Why is this so arduous, I wonder. All I have to do is assemble a few sticks of wood and blot them with white paint, but I feel like I’m making a cross for my own execution. Already I’ve carried out a tablet full of aims and a forest of pine lath. I want this to be aright.”I’d like a white treillage,” was your humble request. “Something for a background at my wedding. Sarah Parkes will cover it with ivy. It will be beautiful, Daddy, a symbol of life. ”

I was glad you asked me to make the treillage because I wanted to have aside in the wedding. Seems like men are generally in the way at such affairs -like chess pieces standing around, waiting to be “laid. ” The groom himself would never be missed if he didn’t show. They would just stand a cardboard cut down in his place and no one would be the wiser.
Weddings are of women, by women and for women. But with this treillage,! can have a part of the action.If I can ever get it made.
‘ve made far harder things for you, like that compound cradle for your doll, and that two-story doll’s house with handmade trappings. And your desk, with all the bloomers.But this trellis!
Kneel one the terrace I carefully weave the pine slats into a hachure, and a design slowly comes forth. As I work, I ponder the way your life has woven itself into mine, and I wonder what I will be like without Natalie around the house.Can we unweave twenty-one years of sharing? Can a father bring out his daughter without coming a little unraveled himself?

It’s not that I do not want you to marry. I do. When your ambitions come true, so do mine. Flat is such a good choice. A gentle, handsome man, as committed to you as your parents. “Nat and Matt” sounds right, like a little poem.I can barely see to drive these tiny aces. Allergies probably. Or perhaps it’s the cool April breeze that keeps fogging my eyes. Or the smart aroma of pine wood.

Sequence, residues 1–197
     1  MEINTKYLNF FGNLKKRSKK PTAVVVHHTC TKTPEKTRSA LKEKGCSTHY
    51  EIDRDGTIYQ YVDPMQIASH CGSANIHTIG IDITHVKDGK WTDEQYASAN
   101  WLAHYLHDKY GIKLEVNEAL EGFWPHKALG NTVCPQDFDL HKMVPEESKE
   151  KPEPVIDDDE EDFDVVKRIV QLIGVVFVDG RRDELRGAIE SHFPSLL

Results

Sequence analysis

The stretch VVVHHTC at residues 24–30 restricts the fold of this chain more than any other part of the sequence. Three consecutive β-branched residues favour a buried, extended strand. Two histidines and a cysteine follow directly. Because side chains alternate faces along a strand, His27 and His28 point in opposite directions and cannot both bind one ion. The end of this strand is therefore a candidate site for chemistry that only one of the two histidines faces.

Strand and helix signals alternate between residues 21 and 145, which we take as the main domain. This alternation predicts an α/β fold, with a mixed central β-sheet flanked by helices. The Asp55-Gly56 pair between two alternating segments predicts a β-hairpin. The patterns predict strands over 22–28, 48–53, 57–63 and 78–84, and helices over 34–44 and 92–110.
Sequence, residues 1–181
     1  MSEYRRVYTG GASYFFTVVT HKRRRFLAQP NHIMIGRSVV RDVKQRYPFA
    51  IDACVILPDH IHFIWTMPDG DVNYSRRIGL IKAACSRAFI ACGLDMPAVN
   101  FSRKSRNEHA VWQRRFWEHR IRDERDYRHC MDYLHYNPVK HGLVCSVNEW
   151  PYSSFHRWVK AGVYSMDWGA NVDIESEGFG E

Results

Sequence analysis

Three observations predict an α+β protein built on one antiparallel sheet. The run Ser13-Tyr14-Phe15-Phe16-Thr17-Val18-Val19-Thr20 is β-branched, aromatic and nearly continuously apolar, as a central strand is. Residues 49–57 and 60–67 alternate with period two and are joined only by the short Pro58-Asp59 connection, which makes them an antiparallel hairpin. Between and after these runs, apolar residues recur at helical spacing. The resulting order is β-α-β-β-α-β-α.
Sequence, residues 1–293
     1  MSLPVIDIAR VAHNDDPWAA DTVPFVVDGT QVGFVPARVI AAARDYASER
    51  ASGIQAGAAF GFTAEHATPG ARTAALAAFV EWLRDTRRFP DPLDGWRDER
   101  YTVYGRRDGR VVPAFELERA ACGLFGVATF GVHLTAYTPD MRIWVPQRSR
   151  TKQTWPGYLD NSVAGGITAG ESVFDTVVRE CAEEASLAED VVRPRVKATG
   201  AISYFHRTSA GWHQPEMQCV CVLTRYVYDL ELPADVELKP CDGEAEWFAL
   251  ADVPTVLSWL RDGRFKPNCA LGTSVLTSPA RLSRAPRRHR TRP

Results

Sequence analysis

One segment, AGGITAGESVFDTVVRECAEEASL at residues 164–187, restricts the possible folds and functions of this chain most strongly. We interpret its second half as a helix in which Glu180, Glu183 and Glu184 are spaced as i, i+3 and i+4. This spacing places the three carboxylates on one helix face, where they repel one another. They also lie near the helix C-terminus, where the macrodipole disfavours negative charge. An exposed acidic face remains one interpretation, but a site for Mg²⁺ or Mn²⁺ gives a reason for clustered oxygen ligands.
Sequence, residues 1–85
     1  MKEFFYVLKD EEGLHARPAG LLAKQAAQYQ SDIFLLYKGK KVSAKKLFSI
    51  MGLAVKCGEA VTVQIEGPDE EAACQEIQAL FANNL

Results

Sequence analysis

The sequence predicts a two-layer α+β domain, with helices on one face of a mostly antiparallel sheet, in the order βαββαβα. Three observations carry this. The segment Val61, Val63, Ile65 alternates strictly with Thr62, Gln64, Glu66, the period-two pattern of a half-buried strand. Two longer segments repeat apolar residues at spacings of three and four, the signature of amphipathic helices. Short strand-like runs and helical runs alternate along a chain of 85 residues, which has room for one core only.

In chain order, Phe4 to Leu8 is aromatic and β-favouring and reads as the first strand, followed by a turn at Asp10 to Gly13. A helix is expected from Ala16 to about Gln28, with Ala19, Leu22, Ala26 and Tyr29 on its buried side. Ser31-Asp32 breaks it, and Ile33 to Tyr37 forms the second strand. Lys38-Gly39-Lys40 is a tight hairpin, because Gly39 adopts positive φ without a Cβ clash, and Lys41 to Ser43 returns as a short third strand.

They will stand this trellis up on the arrange at church. My job is to take you by the arm and gently lead you down the aisle to the trellis. Another man will help you up the next step of life. I’ll sit there stoically with your mother, watching you adopt someone new. Your sister will sing your favorite songs. Your grandfathers will perform the ceremony. And God will come down to bless the brotherhood. Your mother has it all coordinated.
All I have to do is finish this simple trellis.

When the conjoining is over, they will fold this ivy arbor and jostle it into a dark storeroom, where it will be forever forgotten. But memories of my little girl will vine themselves through the arbor of my heart for the rest of my years.
I stand the treillage up against the service department and slather it with bride-white paint – this fragrant veneer that addresses the old, broken tree with beauty and promise.

Painted, the trellis looks like two alabaster gates. Gates that lead to a future I may never see, if you move far away. Out there on the long road of daily living, who knows what will happen? There will be long days filled with sweet monotony. Bright bits of joy. And boring hours of sorrow. I wish for you the full spectrum of life.

I rub the cloying blusher from my fingers with a rag that wont to be your favorite T-shirt. Then I stay away to assess my work.
Without the ivy it appears so empty and lonely.
It is after all, just a simple trellis.